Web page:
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    American Revolution - The Account Book and Pay Rolls of the second oldest U.S. Army post in the United States. Manuscript account book, 92 leaves 9" x 13.5", Carlisle, Pennsylvania, May, 1778 to July, 1779 kept by Major Charles Lukens, Commissary of Military Stores for the supply barracks established by the Continental Congress at Carlisle in 1776. Now home to Carlisle Barracks and the Army War College, it is the second oldest U.S. Army post in the country after West Point. Originally established in 1757 by the British as a staging point to mount expeditions against the Ohio Valley, the post was abandoned in the mid 1760s following the end of Pontiac's rebellion. During the American Revolution the fort again became a valuable strategic site, this time against the British. Patriotically named "Washingtonburgh" from 1776 to the end of the war, the post served as one of the main centers for arms ordnance supply, manufacture and repair together with the armory at Springfield, Massachusetts. The post also served as an artillery school under the direction of Captain Isaac Coren. The account book, covering a single year in the post's existence, provides superb detail on the operations of this critical post. A portion of the book consists of signed receipts for a wide variety of activities including the production of charcoal, the purchase of all manner of articles from compasses to bee's wax, candles, and even stoves. Other payments include wood cut on neighboring properties, payments for brick and shingles, as well as pay for services rendered by both civilians and soldiers. One entry notes the receipt of "14 Saw logs for the Use of the Publick [sic] Works & Gun Carriages..." Most of the payments were made by Major Charles Lukens, Commissary of Military Stores. The book also includes numerous payrolls for the "Company of Artillery & Artificers employed at Washingtonburgh Near Carlisle under command of Col. Benjamin Flowers Commissary Genl." Interestingly, there are numerous entries for "coaling" which would suggest that there was an iron furnace active at or near the site which would have made the production of artillery possible on-site. More research is necessary to ascertain this for certain however. At the very least the charcoal would have been necessary for smiths engaged in repair work and in the manufacture of cartridges. (See George Washington to Henry Knox, January 8, 1778 in The George Washington Papers at the Library of Congress, 1741-1799 for more information.) A superb research tool documenting an early and historic U.S. military installation providing critical supplies essential to the success of the American Revolution. Paper cover split at spine with much post-war doodling, pages overall quite clean with ragged margins, overall very good. Ex. Henry E. Luhrs Collection.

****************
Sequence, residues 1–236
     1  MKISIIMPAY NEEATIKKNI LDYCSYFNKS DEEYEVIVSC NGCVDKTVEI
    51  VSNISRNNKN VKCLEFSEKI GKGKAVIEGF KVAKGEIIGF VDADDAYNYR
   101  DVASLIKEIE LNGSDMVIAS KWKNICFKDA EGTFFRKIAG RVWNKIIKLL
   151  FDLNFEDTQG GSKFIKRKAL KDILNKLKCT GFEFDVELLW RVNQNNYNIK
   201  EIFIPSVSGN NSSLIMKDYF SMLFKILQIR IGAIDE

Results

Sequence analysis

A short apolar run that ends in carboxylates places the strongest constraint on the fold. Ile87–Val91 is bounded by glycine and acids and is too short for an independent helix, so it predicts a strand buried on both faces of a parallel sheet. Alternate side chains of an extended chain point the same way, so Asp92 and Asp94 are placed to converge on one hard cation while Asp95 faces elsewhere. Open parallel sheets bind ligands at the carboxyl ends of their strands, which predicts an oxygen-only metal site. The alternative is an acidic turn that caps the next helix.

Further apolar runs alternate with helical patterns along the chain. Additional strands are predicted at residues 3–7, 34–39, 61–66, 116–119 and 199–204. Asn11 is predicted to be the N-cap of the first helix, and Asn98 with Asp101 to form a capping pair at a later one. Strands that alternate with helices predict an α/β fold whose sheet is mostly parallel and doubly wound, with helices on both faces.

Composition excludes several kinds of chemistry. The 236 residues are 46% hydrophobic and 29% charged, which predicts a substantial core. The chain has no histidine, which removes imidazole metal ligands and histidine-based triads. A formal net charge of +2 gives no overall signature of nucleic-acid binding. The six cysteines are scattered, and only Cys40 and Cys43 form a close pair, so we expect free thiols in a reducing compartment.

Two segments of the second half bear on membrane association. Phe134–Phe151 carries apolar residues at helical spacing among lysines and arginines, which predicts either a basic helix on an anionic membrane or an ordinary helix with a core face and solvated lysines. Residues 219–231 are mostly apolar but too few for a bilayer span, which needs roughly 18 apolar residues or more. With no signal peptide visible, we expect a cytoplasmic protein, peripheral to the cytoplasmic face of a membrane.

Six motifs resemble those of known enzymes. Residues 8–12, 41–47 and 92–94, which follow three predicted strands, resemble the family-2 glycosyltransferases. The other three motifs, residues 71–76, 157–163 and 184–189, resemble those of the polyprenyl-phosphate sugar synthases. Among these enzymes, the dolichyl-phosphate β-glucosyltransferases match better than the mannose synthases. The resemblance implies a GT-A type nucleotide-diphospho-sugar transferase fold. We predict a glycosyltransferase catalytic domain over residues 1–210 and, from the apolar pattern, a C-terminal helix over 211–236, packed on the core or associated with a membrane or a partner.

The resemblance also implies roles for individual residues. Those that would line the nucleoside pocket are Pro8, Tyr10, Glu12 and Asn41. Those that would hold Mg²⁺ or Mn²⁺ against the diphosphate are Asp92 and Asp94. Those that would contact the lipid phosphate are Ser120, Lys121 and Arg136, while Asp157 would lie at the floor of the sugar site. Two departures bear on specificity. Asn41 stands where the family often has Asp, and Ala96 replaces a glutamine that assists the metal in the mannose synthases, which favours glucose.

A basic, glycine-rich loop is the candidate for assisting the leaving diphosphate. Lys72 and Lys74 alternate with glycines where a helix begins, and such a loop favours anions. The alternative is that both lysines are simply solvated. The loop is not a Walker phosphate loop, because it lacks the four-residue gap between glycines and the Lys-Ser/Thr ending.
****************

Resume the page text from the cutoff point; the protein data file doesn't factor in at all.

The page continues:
Auction Info

    Auction Dates
    October, 2007
    25th-26th Thursday-Friday
    Bids + Registered Phone Bidders: 3
    Lot Tracking Activity: N/A
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